Major airstrike kills civilians in Afghanistan; drone strikes cause anger and resentment in Afghanistan and Pakistan
On Monday, up to 100 Afghans lost their lives in a US air strike on Bala Baluk near the Iranian border in Afghanistan. According to the LA Times, “…dozens of people were killed as they sought shelter in a compound in the village of Gerani during coalition airstrikes and that villagers were slowly digging bodies out by hand, with only the most rudimentary of tools at their disposal.” The raid, which is currently under investigation by the Pentagon, could prove to have one of the highest known civilian death tolls since fighting in Afghanistan began in 2001.
Amidst civilian death tolls and a growing humanitarian crisis, President Obama plans to meet with Pakistani President Asif Ali Zardari and Afghan President Hamid Karzai later this week in Washington to discuss his military strategies in Afghanistan and Pakistan. President Obama has asked Congress for $83.4 billion in supplemental funding for the wars in Iraq and Afghanistan. In announcing his new plan for Afghanistan, President Obama called for a “dramatic increase” in the civilian effort, and has acknowledged that military force alone cannot stabilize Afghanistan and Pakistan. Yet the continued drone strikes and the fact that the supplemental includes ten times as much money for military as civilian tools like aid reflect a continued reliance on an overwhelmingly military approach.
US drone strikes in Afghanistan and Pakistan are a grave concern to civilians. These unmanned aircraft are used by the American military and CIA to spy and to fire on military targets. However, they also undermine US security in the region by killing innocent civilians and displacing a substantial number of survivors, actions that fuel anti-American sentiments. In Pakistan, continued unpopular drone strikes may have the unfortunate result of undermining the civilian Pakistani government’s authority and legitimacy as it works to address the Taliban. David Kilcullen, the top advisor to the US Army’s Afghanistan chief, cautioned:
more “highly unpopular” drone strikes will lead to a “loss of Pakistani government control over its own population… We need to call off the drones,” he concluded.
In the past, the US has disputed civilian deaths such as these, compounding the outrage of the Afghan people. Because of this, a member of the local provincial council asked civilians to take photos and video of the aftermath of Monday’s Bala Baluk airstrike as proof. The LA Times reports:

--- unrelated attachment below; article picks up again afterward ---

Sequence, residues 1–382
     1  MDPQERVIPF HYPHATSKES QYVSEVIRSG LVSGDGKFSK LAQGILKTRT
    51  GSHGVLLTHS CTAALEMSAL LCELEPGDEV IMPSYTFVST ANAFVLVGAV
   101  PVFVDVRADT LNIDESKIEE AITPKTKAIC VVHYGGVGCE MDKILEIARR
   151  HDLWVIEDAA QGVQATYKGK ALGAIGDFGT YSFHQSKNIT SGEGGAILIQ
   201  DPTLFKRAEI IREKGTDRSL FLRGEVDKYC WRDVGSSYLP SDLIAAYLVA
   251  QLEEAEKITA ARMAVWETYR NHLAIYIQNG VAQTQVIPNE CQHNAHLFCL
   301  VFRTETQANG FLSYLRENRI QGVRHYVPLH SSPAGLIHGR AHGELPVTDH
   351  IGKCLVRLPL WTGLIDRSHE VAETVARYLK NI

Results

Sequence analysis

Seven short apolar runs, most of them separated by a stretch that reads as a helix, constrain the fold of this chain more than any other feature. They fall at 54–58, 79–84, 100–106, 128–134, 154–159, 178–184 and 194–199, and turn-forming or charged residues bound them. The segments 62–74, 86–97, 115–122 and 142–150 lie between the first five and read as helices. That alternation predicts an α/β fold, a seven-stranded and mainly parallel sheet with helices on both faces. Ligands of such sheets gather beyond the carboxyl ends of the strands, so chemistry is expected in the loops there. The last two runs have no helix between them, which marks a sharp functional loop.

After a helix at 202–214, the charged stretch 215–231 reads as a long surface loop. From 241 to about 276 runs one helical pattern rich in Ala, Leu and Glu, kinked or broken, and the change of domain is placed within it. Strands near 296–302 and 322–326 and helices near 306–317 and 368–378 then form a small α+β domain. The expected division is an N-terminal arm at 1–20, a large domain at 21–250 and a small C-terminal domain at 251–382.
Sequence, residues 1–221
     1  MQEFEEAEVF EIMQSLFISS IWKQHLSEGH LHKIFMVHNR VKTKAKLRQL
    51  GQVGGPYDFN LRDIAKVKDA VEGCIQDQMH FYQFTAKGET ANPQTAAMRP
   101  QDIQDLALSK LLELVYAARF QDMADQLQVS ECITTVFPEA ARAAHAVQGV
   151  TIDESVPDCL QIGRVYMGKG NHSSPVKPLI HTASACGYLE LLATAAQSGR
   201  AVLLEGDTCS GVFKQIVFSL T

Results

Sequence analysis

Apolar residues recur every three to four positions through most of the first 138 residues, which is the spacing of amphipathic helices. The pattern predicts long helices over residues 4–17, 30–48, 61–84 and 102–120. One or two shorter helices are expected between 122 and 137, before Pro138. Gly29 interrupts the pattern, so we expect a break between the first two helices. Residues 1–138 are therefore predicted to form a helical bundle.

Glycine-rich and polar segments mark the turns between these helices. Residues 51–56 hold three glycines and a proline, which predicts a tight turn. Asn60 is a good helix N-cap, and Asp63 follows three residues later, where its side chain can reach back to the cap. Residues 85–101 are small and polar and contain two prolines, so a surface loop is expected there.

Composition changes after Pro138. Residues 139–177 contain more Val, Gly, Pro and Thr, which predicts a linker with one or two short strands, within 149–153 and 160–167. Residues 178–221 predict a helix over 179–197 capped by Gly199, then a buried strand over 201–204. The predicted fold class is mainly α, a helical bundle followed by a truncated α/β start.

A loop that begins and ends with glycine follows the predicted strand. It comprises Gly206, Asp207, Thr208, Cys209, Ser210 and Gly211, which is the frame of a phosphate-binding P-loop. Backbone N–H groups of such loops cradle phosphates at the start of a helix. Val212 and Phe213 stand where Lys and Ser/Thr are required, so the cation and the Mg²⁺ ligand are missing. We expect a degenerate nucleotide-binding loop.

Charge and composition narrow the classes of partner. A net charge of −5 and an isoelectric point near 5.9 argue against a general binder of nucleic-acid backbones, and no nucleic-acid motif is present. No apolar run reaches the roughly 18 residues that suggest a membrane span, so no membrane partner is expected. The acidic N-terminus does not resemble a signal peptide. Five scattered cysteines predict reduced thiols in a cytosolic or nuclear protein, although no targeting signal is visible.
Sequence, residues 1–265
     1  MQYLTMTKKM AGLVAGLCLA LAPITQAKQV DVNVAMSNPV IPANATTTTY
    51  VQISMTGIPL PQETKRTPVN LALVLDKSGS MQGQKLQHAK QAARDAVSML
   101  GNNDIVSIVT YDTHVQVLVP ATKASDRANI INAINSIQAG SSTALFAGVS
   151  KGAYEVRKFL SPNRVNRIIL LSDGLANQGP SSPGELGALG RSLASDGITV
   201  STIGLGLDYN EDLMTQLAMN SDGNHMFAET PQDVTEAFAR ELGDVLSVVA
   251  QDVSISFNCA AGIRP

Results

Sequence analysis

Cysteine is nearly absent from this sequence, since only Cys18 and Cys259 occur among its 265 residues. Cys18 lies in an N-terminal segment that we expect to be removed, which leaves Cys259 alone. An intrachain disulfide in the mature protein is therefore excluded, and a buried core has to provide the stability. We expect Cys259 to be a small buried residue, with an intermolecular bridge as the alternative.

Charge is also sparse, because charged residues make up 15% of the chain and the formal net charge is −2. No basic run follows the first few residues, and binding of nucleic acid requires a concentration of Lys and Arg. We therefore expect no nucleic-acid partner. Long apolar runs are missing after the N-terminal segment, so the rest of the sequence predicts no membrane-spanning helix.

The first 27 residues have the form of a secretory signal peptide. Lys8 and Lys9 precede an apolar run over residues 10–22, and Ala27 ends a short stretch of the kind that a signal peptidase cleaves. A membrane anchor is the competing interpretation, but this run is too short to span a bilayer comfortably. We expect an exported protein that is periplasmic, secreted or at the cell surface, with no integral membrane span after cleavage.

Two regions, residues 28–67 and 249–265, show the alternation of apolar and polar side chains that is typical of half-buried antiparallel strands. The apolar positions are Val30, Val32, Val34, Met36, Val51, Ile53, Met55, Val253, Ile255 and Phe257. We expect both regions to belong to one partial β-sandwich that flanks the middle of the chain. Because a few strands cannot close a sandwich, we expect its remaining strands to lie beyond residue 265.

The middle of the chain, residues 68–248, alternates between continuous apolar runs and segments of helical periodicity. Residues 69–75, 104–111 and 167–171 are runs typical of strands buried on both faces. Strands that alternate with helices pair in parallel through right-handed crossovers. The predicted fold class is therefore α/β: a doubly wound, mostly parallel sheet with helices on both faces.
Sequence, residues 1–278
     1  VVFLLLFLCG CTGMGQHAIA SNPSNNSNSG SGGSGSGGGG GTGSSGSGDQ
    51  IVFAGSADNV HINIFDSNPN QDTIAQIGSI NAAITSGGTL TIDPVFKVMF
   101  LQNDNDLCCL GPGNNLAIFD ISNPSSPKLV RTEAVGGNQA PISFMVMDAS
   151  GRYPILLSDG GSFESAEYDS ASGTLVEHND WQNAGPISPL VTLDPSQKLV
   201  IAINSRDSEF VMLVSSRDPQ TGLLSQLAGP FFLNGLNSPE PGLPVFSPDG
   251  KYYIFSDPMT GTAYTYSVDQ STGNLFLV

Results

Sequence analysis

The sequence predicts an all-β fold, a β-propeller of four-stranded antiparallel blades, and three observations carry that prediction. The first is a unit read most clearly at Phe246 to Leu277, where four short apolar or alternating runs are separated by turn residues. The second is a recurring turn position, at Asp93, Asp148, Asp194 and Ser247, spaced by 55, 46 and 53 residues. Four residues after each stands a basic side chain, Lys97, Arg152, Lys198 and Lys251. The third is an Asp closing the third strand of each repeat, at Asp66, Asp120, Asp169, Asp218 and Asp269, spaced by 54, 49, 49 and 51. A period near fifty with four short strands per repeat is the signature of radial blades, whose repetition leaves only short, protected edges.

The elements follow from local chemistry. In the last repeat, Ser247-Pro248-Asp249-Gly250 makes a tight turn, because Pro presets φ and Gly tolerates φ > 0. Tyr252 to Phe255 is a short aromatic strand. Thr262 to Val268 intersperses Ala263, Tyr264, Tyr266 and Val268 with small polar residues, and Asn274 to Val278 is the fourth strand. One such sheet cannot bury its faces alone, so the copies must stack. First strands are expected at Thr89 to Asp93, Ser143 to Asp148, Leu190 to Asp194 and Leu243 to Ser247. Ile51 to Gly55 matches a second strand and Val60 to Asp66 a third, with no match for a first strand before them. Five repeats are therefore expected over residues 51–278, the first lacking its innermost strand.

In some previous disputes over civilian deaths, the emergence of cellphone videos of the dead has persuaded authorities to reexamine claims that were initially dismissed. In the best-known recent case, villagers — backed by the Afghan government, human rights groups and the United Nations — said that as many as 90 people, mainly women and children, were killed last summer in U.S. airstrikes in the village of Azizabad in Herat province.
The U.S. military said at first that nearly all of those killed in Azizabad were insurgents, but acknowledged after a high-level inquiry and a public outcry that 33 of the dead were civilians.
Drone raids have also left a decisive mark on the Pakistani landscape. To date, 546,000 Pakistanis have registered as internally displaced citizens, many of whom now live in tented camps. Disturbingly, estimates suggest that as many as 1 million have fled their homes as a result of the fighting. Not surprisingly, this has generated distrust and anger among the Pakistani people. The LA Times has recorded the voices of some of these citizens:
“These drones are very bad,” said Ashraf Bhatti, an apparel merchant, drinking tea in his shop with several friends in the Anjuman bazaar in Lahore. “What would America think if someone started shooting rockets and killing people in their land?”
Though the CIA has apparently gotten better at hitting its targets without killing as many innocent civilians, the anger and resentment remain so great, some here argue, that America loses far more in goodwill than it gains in assassinated militants.
“It just hits everyday people like us,” said Mohammed Yasin, a retired shopkeeper, wearing a white beard and traditional shalwar kameez outfit.
According to the Guardian:
A girl named Shafiqa wounded in the fighting told Associated Press Television News: “We were at home when the bombing started. Seven members of my family were killed.”
Everyday people are likely to be hit even harder in the coming months. As Obama’s additional 21,000 troops begin arriving in Afghanistan, civilian deaths are expected to increase as well. Air strikes are often called in to support US forces engaged in battles on the ground.
You can help ensure that Congress funds a new strategy in Afghanistan that puts the emphasis on civilian and non-military tools by writing to your member of Congress and asking that they help shift funding in the supplemental to reflect these priorities. Take action by clicking here.